Previous research has documented the ways that migration contributed to the rise of Hong Kong as a global city by the early 1990s. Much academic attention has been paid to the causes of labor migration and issues related to the adaptation of migrant workers in Hong Kong. Based on a review of such studies, the purpose of this paper is to describe three representative groups of migrant workers in Hong Kong and discuss how research on migrant workers in Hong Kong has provided new insights to the global city literature and to the study of development and migration.Design/methodology/approachThis paper reviews published works regarding migrant workers in Hong Kong since 1996. Discussion focuses on three representative groups: high-skilled immigrants from developed countries, low-skilled migrant workers from less developed regions and mainland Chinese immigrants.FindingsFindings suggest that the migration patterns and challenges of the adaptation of migrant workers in Hong Kong correspond largely to the social polarization thesis proposed by global city literature. However, Hong Kong is unique compared to core global cities in the USA and Western Europe due to its special power relationship with mainland China and its colonial history, which have a significant impact on immigrants’ decision to migrate and their post-migration integration.Originality/valueThis review paper provides a better understanding of migration and development, and highlights new factors that contribute to reasons for migration and challenges of integration for migrant workers in the host society.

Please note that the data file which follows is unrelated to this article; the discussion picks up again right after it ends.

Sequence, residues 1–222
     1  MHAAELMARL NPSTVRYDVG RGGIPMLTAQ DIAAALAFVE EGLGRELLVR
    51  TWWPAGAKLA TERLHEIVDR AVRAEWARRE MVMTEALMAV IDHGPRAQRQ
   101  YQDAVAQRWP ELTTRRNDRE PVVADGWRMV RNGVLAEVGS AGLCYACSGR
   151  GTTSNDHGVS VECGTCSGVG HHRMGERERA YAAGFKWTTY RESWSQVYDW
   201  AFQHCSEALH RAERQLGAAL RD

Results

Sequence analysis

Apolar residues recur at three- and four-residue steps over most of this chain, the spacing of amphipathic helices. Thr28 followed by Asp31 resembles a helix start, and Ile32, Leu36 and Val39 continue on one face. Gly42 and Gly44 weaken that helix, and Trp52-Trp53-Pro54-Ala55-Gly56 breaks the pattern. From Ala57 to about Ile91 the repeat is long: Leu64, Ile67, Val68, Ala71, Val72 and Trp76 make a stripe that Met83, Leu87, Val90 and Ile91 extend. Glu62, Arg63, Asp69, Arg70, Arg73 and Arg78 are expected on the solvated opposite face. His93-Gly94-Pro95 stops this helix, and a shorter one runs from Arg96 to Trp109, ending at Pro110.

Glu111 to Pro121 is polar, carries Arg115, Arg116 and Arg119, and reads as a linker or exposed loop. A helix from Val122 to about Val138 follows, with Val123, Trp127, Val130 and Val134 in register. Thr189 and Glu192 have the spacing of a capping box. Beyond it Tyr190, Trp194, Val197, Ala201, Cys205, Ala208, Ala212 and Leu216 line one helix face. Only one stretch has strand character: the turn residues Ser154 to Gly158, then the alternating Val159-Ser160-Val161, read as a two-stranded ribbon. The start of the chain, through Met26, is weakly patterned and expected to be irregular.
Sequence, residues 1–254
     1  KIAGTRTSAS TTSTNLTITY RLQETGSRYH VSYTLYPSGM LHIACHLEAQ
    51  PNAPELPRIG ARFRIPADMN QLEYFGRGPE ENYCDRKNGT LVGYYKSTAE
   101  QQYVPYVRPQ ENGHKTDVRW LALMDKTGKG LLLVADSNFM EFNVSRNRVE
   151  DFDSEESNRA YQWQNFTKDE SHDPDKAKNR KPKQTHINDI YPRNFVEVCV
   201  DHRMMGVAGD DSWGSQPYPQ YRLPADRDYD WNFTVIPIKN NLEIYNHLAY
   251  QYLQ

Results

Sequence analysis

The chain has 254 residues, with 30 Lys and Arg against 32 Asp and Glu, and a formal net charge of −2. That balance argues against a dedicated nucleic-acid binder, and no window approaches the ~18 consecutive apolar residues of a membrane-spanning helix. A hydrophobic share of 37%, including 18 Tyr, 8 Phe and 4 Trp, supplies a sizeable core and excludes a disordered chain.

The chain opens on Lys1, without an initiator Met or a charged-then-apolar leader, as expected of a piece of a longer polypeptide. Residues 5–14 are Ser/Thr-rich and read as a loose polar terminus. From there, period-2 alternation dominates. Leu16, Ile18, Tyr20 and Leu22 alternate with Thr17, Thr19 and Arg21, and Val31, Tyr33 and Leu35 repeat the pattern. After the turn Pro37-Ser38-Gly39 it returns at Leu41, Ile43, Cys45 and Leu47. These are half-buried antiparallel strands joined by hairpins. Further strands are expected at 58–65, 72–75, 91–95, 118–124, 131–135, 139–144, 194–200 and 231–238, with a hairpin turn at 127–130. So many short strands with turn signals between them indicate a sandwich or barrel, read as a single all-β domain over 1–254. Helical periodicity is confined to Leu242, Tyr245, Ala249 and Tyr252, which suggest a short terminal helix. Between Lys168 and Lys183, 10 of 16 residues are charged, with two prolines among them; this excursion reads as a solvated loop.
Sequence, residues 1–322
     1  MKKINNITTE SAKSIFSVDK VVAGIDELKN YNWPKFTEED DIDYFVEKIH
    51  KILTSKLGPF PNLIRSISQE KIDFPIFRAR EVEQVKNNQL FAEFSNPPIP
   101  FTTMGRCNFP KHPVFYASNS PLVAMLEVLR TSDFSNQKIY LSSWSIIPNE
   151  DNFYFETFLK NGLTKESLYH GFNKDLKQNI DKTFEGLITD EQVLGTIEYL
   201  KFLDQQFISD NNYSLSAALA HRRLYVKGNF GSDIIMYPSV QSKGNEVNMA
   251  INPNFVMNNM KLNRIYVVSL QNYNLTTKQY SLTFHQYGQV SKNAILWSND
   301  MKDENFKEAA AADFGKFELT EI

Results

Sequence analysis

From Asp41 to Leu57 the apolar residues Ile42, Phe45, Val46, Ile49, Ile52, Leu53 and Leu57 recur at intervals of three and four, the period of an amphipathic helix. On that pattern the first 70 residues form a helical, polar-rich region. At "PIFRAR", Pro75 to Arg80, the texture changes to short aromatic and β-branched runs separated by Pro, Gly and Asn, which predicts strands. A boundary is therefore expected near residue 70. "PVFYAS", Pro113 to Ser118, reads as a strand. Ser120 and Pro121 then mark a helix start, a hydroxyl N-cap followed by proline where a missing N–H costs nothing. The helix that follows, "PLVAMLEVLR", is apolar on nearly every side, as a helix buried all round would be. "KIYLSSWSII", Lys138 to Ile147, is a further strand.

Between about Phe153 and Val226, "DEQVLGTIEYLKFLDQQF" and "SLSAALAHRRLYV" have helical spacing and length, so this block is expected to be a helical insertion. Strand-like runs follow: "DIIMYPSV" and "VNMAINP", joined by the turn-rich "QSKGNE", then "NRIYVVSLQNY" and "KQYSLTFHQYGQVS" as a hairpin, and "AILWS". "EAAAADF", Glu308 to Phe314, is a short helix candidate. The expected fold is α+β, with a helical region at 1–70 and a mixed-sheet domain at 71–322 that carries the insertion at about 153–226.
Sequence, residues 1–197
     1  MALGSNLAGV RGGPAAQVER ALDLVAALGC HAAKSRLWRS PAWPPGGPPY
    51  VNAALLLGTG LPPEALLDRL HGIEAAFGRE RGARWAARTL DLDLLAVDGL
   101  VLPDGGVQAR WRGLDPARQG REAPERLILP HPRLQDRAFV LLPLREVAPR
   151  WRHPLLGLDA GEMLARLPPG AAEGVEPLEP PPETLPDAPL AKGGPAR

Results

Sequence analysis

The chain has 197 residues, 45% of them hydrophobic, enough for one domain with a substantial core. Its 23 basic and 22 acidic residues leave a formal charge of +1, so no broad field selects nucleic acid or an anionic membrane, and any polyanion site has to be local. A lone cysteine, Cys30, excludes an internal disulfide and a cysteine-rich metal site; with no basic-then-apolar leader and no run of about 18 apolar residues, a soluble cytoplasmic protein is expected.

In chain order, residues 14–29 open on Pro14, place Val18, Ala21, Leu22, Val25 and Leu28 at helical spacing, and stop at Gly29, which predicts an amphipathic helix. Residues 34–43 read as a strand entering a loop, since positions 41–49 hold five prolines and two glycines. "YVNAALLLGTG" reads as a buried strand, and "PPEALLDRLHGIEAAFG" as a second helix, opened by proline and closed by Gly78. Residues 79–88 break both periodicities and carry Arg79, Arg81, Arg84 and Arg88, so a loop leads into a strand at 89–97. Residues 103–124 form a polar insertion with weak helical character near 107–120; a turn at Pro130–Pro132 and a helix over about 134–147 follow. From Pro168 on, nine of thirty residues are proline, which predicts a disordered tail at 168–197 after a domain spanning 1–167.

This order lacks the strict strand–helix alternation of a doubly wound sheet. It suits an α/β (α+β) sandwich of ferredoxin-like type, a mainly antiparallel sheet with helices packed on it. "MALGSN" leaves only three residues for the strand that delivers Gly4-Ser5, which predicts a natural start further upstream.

Asian Education and Development Studies – Emerald Publishing
Published: Dec 23, 2020
Keywords: Hong Kong; Migrant workers; Low-skilled workers; Global city; High-skilled workers; Mainland Chinese immigrants